“When it comes to breaking bad habits, averse stimuli are an effective stopgap. . . strategy, but there is a better way to recycle your bad habits. It’s called habit switching. It’s breaking a bad habit by replacing it with a good habit.”- Mark Batterson
“How sweet are your words to my taste, sweeter than honey to my mouth.”- Psalm 119:103 (NIV)
Mark Batterson concludes Day 4 of Do It for a Day as he talks about formal education in first-century Judea. At the age of six, students attended the local synagogue school, called Bet Sefer. For the first lesson, the rabbi covered the students’ slates with honey. Next, the rabbi instructed them to lick the honey while reciting Psalm 119:103. The goal – to catalyze a craving for the Word of God.
Certainly, it’s possible to break a bad habit by not doing it. And it might work for a short time, say one or two weeks. But, it’s not a long-term solution. From a spiritual standpoint, you don’t stop sinning by not sinning. Pastor Batterson explains:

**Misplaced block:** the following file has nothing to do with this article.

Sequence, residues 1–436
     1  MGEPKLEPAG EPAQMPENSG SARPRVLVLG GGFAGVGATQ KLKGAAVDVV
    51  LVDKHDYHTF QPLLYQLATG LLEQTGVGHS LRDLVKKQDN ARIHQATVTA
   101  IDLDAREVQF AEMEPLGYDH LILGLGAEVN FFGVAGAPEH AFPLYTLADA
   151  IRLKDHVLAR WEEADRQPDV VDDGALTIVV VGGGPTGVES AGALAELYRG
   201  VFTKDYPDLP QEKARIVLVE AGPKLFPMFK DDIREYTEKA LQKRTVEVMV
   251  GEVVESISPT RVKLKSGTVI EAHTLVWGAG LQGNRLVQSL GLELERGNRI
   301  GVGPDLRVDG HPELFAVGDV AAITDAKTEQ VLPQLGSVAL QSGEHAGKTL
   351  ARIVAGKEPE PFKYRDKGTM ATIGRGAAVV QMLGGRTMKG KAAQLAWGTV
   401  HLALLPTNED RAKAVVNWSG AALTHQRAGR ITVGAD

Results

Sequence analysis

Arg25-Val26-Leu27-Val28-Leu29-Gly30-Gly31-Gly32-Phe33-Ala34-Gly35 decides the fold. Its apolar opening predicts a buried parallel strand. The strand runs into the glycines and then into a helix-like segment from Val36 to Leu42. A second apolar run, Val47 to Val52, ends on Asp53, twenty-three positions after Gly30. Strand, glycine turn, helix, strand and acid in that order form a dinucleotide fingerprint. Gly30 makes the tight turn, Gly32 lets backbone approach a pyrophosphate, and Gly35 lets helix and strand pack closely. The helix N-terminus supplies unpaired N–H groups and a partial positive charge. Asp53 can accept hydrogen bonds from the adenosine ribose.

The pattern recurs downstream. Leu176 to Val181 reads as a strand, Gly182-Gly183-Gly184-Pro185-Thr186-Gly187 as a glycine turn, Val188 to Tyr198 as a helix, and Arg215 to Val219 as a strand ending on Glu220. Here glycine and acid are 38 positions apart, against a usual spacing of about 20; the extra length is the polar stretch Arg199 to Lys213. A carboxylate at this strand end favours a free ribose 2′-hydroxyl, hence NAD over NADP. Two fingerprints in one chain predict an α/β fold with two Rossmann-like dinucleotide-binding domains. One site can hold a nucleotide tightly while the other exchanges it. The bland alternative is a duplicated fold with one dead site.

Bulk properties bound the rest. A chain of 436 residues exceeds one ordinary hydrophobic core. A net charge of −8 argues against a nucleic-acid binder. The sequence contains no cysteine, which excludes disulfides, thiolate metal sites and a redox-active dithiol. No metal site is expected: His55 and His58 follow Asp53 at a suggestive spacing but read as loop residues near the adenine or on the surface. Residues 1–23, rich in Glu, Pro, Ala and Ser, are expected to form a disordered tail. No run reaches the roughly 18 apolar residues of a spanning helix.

“I wish it were as easy as just say no! You need a vision that is bigger and better than the obstacle you’re trying to overcome. That’s when habit switching enters the equation. Habit switching . . . takes time and effort. . . . You have to change your default settings by making predecisions — the decisions you make before you have to make a decision. Not only do predecisions reduce decision fatigue, but they also have a domino effect.”
In conclusion, Mark counsels, you need to predecide how you’re going to use your time. Or someone else will. Therefore, the author advises, to make your core values a habit, put them in writing. Furthermore, putting things in writing comes with two primary benefits:
- clarity – putting things on paper forces you to be precise. That includes goals as well as gratitude.
- memory – you remember things better when you write them down, as opposed to simply reading them. As Mark quips, “The shortest pencil is longer than the longest memory.”
Today’s question: What Bible verses help you recycle your bad habits? Please share.
Tomorrow’s blog: “Commitment device = insurance policy”